Agriculture is a way of life for most people in Mali. The vast majority of cultivated land is used by small farmers for subsistence agriculture. Previous research has shown that returns to agricultural investment are high, but in practice many farmers do not take on profitable investments. Can microfinance help alleviate constraints to investment among small farmers?
Underinvestment in agricultural inputs such as fertilizer, hybrid seeds, or labor is thought to drive low crop yields in Africa and other parts of the developing world. Several factors may help explain why farmers fail to invest in such potentially profitable inputs. It is possible that they are wary of the riskiness of adopting new agricultural methods or tools—if they invest and their crops still fail, they will have even less money than if they had not invested at all. Farmers may also lack the capital necessary to purchase these inputs, and be unable to obtain credit to finance investment in their farms. Microfinance services are intended to address such constraints, but microfinance institutions often emphasize small business clients and do not structure products to target or facilitate agricultural lending. Can microfinance help alleviate constraints to investment among small farmers?
Context of the Evaluation:
In Mali, agriculture represents 80 percent of employment and about 37 percent of Gross National Product. However the agricultural sector is dominated by subsistence farming supporting single households. This study takes place in the region of Sikasso, within the ‘cercles’ of Bougouni and Yanfolila. In these areas, cash crops like cotton, maize, sorghum, millet and groundnuts are most frequently cultivated. To generate additional income, women in the area often work in the production of shea butter and men in gold-mining.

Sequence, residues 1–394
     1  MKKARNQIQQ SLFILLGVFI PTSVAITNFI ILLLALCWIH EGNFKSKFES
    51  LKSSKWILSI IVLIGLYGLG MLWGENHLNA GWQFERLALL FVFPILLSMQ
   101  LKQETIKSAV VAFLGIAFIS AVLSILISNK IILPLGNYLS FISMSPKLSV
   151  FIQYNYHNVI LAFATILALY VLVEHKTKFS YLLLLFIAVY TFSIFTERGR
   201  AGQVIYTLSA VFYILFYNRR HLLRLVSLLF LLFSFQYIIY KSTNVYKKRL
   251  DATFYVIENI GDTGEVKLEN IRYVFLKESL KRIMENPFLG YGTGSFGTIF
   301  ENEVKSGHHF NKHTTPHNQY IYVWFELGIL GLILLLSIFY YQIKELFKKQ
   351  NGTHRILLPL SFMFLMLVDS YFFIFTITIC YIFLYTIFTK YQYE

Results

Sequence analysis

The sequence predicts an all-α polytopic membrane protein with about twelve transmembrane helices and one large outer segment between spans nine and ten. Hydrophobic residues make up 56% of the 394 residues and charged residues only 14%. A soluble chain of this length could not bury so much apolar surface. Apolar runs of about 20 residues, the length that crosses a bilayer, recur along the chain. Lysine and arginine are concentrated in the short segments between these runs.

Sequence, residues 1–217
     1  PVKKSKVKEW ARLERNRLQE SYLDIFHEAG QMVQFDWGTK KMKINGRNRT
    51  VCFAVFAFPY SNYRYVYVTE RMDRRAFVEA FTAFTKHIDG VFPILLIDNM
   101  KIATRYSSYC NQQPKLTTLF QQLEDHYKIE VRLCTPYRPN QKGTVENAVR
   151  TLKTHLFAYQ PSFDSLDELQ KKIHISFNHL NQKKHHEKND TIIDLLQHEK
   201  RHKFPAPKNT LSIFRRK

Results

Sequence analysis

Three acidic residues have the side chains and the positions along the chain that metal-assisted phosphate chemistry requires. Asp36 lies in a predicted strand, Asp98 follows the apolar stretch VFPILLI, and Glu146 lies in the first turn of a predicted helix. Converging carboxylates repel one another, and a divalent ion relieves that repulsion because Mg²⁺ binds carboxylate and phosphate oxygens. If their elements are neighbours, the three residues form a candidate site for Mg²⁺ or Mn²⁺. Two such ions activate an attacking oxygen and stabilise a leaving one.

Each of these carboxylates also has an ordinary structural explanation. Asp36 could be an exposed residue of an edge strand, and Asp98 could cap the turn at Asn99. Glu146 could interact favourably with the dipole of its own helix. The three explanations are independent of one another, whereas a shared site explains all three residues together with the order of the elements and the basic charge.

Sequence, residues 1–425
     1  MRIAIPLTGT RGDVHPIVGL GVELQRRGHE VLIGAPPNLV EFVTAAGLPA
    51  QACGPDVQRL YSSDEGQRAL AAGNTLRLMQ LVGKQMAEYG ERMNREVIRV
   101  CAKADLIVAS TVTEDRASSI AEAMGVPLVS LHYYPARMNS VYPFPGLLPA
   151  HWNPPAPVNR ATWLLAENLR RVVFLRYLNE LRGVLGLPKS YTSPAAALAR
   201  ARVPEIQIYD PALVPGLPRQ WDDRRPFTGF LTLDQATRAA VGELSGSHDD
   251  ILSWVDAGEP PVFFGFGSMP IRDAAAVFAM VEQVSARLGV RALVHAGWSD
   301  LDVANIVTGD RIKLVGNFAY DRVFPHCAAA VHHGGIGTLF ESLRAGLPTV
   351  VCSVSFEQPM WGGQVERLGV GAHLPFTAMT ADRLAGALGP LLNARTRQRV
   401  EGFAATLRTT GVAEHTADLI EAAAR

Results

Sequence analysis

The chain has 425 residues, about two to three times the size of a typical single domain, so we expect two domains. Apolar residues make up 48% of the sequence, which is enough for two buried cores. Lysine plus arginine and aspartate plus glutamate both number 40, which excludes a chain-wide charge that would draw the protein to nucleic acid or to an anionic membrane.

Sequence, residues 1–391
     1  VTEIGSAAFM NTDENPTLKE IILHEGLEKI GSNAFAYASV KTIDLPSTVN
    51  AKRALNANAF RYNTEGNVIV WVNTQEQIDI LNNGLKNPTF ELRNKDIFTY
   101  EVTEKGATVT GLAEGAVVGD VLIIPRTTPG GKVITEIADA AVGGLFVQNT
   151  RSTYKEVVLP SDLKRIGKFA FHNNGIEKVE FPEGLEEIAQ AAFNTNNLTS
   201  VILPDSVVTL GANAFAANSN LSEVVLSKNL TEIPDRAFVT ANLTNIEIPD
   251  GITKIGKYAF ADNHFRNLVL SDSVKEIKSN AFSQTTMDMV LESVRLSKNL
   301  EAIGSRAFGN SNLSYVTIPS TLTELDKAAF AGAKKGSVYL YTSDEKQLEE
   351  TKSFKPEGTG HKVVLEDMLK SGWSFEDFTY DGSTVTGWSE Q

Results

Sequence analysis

Details of the Intervention:
Soro Yiriwaso is a Malian microfinance institution whose mission is to increase economic opportunities for poor Malians, especially women, by offering durable financial services. At the start of the study, Soro Yiriwaso did not offer financial services in any of the study villages. Out of the main 200 study villages, Soro Yiriwaso began operations in 90 randomly selected villages. In these villages, officers promoted the ‘Prêt de campagne’ product, a group agricultural loan offered to women who form an association specifically for the purpose of receiving and managing the money. The loans averaged around 32,235 Francs CFA (65 USD), and were offered at the start of the planting season, to be repaid with interest after harvest.
Grants Treatment: A randomly selected group of farmers from the villages that were not offered the ‘Prêt de campagne’ product, as well as those from the ‘loan’ treatment group who did not receive a loan were provided with a grant of 40,000 Francs CFA (80 USD). These grants were given to both men and women before the planting season, with no restrictions on how and when they could spend the money.
Savings Treatment: Another randomly selected group of farmers from the villages that were not offered the ‘Prêt de campagne’ product were offered a savings product designed jointly by Soro Yiriwaso and IPA. The savings product required women to decide on a target savings amount and deposit plan immediately after the harvest season, but they were only allowed to withdraw savings at the beginning of the next planting season. A small non-cash bonus was given to women to incentivize adherence to the savings plan.
Fertilizer Treatment: In order to evaluate the returns to fertilizers, and why small-holder farmers do not use more fertilizers on their plots, 23 separate villages were randomly selected to receive grants of different amounts of fertilizer. Women farmers who cultivated rice in these villages were assigned to receive one of three different quantities of fertilizer: no fertilizer, the officially recommended quantity, or half of this recommended quantity.